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Tropentag, September 17 - 19, 2014 in Prague, Czech Republic

"Bridging the gap between increasing knowledge and decreasing resources"

The Known and the Unknowns: A Multipathogen Survey to Identify Diseases in Cattle Herds in Tanzania

Silvia Alonso1, Phil Toye1, Joerg Jores1, James Wakhungu1, George Msalya2, Delia Grace1, Fred Unger3

1International Livestock Research Institute (ILRI), Kenya
2Sokoine University of Agriculture, Livestock Production, Tanzania
3International Livestock Research Institute (ILRI), Vietnam


Livestock farmers in Africa are facing enormous challenges in animal health. The capacity and infrastructure of government services for disease identification and control are often limited. In the absence of systematic surveillance systems for animal diseases, the information on pathogens affecting livestock has been filled by targeted surveys conducted in certain locations and for specific conditions. The picture provided by these ad hoc surveys can be distorted with a bias towards the most widely known diseases or towards those for which diagnostic methods are more readily available.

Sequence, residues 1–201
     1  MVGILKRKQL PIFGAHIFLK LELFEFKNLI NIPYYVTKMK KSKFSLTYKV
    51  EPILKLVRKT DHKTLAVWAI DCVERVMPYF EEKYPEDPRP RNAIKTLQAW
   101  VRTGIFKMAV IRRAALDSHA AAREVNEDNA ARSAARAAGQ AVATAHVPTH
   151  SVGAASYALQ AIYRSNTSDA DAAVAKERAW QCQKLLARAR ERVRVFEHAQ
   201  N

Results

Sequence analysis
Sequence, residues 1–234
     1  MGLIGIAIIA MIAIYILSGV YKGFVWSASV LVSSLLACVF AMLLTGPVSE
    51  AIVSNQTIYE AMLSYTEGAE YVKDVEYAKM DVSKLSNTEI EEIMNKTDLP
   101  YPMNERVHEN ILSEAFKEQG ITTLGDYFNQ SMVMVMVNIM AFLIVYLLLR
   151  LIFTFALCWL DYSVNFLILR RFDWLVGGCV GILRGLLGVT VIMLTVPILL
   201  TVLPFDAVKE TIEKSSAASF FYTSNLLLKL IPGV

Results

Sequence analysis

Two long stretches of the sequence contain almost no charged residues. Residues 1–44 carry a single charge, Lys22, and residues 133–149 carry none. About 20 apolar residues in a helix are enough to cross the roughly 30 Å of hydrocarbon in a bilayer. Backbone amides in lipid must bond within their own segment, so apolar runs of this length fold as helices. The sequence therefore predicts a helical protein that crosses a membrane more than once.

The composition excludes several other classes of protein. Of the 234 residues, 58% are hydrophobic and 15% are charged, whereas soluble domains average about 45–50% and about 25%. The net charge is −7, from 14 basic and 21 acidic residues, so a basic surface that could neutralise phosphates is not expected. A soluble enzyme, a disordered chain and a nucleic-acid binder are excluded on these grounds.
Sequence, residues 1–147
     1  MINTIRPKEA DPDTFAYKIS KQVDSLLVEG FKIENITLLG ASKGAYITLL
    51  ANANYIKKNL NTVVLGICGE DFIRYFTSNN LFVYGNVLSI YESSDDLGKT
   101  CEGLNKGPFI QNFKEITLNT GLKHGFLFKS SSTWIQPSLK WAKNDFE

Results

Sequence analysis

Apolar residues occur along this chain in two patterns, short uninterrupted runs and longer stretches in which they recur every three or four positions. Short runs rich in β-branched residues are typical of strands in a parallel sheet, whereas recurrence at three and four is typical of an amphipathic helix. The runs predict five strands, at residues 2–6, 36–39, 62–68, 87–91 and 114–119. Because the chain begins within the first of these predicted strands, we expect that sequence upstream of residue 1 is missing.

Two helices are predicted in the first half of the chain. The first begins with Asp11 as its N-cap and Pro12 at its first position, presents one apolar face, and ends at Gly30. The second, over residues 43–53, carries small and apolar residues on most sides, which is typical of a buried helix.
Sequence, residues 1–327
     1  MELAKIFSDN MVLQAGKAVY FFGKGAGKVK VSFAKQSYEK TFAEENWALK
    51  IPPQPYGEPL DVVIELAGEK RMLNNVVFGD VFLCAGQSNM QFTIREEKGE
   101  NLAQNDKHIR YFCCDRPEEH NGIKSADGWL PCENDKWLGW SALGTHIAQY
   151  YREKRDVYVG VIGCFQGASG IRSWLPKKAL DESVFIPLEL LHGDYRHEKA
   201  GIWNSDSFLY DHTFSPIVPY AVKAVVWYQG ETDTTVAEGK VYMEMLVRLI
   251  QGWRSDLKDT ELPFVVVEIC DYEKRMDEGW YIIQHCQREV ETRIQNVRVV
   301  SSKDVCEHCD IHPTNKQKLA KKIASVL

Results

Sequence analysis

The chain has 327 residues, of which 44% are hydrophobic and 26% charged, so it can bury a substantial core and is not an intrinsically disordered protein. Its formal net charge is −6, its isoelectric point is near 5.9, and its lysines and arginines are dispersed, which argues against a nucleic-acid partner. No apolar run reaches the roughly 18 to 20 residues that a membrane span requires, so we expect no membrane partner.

Participatory rural appraisals with cattle farmers in Tanzania revealed that disease in livestock is one of the main factors contributing to limited productivity and income generation. Often, the causes of livestock disease are unknown and differential diagnosis is not conducted resulting in mistreatment of animals and long-term negative economic impact. In response to this concern, a multipathogen survey was conducted among cattle farmers in two regions in Tanzania to (i) confirm the presence of well-known cattle pathogens, and (ii) investigate the presence of cattle pathogens rarely looked for in the area before. Sick cattle (n=400) were actively searched among cattle herds and blood samples collected along with information on farming practices. ELISA diagnostic kits were used to detect antibodies against the following cattle pathogens: contagious bovine pleuropneumonia (CBPP), anaplasmosis, theileriosis (x2), babesiosis, brucellosis, Rift Valley fever, Q fever, neospora, infectious bovine rhinotracheitis, bovine viral diarrhea (BVR) and bovine respiratory syncytial virus (BRSV).
The results of the survey will be presented. The relative presence of each of the studied pathogens will be presented and the characteristics of the farming populations and factors that may be associated with the relative presence discussed. Finally we will discuss the implications of farming management practices on the presence/absence of certain pathogens.

Keywords: Cattle, multipathogens, Tanzania

Contact Address: Silvia Alonso, International Livestock Research Institute (ILRI), ILRI Campus Old Naivasha Road, 00100 Nairobi, Kenya, e-mail: s.alonso@cgiar.org

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